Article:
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From the May/June, 1999
issue of Touchstone

 

No Answer for Littleton by James Hitchcock

No Answer for Littleton

The mass shooting of high-school students in Colorado has inevitably been called “a tragedy,” a word commonly misused in our culture. In classic Greek tragedy there was a conflict between two principles each of which was true in itself but which could not be harmonized. A true tragedy has about it a kind of terrible grandeur, a solemn sense of fated necessity, and the word should not be applied to events that have no positive dimensions that the human eye can see.

I here enter into the almost compulsive chattering to which events of this kind give rise, as every person in some way licensed to express a public opinion is expected to do so. But I also suggest that most of what has been said about Littleton is of little value, except in helping us to attain catharsis for our emotions, the illusion that by talking about it we are somehow doing something.

Events of this kind show in starkest form the ultimate emptiness of modern liberal culture. I don’t mean by that the facile claim that, by its general permissiveness, liberal culture caused two adolescents to gun down their classmates and themselves. I mean rather that modern liberal culture has no way of even beginning to cope with such events and the very fact that they occur itself demonstrates how shallow that culture is.

In the wake of the massacre there have been renewed demands for gun control. Parents are being reminded that they should show a close personal interest in their children. (“It’s nine o’clock. Is your child making a bomb in the basement?”) Students are searching their souls to discover if they are responsible by having made the killers feel like unwanted outsiders. The current liberal panacea of “teaching respect for diversity” is being sold as the ultimate guarantee against recurrence.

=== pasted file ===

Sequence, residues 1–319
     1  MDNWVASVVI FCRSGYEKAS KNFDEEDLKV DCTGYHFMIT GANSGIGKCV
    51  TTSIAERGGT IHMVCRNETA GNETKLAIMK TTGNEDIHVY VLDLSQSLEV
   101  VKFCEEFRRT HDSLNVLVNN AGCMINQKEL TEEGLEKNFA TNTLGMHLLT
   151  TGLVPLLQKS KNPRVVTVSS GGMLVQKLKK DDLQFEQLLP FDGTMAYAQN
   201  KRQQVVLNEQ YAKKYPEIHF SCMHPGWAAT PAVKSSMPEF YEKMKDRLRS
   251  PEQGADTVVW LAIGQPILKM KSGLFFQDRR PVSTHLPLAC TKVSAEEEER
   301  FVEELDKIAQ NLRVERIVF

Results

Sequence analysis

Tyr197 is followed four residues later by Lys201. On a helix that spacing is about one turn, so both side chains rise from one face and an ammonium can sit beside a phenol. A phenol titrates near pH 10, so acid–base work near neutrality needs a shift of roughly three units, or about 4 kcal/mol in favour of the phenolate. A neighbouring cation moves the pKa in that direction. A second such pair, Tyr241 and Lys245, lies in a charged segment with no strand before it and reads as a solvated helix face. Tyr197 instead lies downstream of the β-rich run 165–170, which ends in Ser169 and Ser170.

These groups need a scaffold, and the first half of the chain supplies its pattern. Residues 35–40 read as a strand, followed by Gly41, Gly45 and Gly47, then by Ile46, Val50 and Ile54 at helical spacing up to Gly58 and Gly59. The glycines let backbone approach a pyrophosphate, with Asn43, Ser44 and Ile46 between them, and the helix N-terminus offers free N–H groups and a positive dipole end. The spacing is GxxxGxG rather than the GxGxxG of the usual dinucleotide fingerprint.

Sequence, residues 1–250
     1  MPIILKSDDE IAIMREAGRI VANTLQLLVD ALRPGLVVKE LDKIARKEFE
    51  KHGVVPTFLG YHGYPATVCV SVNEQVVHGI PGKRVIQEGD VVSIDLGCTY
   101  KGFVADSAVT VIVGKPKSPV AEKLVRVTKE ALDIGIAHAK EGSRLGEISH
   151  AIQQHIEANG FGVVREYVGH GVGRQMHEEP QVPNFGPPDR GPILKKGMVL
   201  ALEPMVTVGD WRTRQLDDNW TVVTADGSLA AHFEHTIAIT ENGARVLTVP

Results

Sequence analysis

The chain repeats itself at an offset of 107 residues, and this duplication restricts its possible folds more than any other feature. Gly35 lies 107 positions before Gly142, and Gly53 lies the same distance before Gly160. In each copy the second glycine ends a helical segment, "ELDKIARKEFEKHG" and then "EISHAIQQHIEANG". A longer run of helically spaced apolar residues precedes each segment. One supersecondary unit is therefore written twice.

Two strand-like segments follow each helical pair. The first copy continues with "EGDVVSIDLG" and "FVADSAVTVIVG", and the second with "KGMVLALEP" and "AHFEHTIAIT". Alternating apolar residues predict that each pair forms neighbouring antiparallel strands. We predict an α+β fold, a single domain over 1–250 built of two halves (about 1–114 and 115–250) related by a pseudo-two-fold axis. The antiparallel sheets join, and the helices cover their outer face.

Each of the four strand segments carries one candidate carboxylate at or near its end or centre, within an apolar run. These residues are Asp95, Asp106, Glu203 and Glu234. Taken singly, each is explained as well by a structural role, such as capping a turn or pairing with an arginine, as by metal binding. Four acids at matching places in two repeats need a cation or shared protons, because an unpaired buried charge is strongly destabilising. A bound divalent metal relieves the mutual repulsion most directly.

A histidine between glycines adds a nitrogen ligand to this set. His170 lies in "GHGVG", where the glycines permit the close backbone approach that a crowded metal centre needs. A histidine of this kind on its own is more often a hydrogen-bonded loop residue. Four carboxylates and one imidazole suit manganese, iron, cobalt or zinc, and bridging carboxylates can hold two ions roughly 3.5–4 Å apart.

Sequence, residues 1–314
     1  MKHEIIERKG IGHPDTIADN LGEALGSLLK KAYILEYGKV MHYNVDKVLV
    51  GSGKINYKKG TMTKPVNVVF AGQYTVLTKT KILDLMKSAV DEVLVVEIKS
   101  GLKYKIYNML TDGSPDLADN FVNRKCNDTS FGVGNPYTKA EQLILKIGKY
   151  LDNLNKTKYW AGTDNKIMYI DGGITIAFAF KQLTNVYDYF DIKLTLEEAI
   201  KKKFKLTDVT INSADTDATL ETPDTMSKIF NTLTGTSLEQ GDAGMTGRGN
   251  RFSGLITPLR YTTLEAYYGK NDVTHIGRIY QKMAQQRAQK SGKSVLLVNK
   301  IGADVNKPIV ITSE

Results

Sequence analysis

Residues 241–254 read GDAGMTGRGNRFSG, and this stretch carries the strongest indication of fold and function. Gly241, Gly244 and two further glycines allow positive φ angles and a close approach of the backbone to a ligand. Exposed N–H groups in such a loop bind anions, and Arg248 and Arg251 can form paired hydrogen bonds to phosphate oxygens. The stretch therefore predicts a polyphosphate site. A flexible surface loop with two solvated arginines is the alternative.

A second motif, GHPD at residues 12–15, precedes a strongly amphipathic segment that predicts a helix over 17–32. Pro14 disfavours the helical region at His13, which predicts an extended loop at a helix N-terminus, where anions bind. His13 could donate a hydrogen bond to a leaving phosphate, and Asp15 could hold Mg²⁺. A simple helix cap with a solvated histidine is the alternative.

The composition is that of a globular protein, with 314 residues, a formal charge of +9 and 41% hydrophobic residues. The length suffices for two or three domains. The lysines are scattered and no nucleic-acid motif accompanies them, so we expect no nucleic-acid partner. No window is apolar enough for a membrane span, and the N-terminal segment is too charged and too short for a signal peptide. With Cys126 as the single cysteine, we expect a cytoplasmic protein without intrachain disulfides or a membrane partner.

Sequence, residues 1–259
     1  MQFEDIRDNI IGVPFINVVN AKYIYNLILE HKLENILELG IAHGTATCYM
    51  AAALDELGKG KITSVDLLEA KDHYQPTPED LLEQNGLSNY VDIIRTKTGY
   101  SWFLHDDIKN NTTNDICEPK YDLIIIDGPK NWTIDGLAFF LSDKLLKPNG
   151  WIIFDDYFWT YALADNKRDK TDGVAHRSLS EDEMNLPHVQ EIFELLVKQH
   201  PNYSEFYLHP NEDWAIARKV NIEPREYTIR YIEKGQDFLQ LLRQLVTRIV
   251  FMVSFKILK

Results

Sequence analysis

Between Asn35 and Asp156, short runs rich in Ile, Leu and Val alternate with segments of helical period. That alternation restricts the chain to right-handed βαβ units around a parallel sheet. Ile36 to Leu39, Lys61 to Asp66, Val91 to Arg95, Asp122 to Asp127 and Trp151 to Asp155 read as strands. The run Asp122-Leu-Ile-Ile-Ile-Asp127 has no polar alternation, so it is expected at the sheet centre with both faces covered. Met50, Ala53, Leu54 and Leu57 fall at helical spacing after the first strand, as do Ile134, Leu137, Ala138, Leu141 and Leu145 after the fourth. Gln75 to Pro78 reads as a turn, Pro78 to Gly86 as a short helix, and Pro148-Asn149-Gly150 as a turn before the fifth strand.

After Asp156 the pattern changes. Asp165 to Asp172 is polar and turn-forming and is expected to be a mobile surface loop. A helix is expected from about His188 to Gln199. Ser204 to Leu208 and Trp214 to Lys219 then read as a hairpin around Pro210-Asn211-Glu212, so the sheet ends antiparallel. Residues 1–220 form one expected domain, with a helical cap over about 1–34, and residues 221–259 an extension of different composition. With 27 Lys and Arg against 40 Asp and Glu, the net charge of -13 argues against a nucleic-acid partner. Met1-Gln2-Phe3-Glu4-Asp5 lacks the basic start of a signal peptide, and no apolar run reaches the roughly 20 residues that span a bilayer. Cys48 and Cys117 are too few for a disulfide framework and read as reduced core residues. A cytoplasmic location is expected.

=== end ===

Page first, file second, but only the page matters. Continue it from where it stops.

All these may be worthy enterprises. But the simple fact is that we do not finally know why the murderers did what they did, nor is it likely that we will ever know. At best we will get theories, based on the particular alleged psychological state of the perpetrators, and those who formulate the theories will pretend to much more certainty than they actually posses.

All attempts to explain evil actions ultimately flounder on the simple fact that, whatever may have happened in a particular criminal’s life, it “explains” his behavior only if we ignore the thousand other people who had similar experiences yet did not murder anyone.

For liberal culture rests on some concept of “social engineering”—the idea that by creating the proper environment, especially through education and laws, we can finally expel evil from our midst and make everyone good. When something bad happens, we then simply go back to the drawing board to try to figure out where we made a mistake.

Liberal culture in its optimism is untrue even to the most basic secular insights, especially to what has been called “the tragic sense of life.” By that I understand the realization that in the end life is both mysterious and deeply disappointing. Things never happen as they should. Humanity’s grandest dreams ultimately come to ruin. The liberal proposals to ensure that there will be no repetition of the Littleton massacre may or may not do some good, but soon other things will happen elsewhere, shocking us once again.

Christianity has no “answer” to this in the sense that it can explain, much less justify, what happened at Littleton. But the Christian belief in sin is at the heart of the tragic sense of life—the realization that human nature is never going to be bleached until it sparkles, that from the hidden depths of the sinful person there will always emanate things that no amount of rational planning can ever control. In eternity we will finally understand. Without that prospect we are from time to time forcibly reminded that life has no ultimate meaning within the limits of our carefully constructed but very fragile world.

James Hitchcock, For the Editors


James Hitchcock is Professor of History at St. Louis University in St. Louis. He and his wife Helen have four daughters. His most recent book is the two-volume work, The Supreme Court and Religion in American Life (Princeton University Press, 2004). He is a senior editor of Touchstone.

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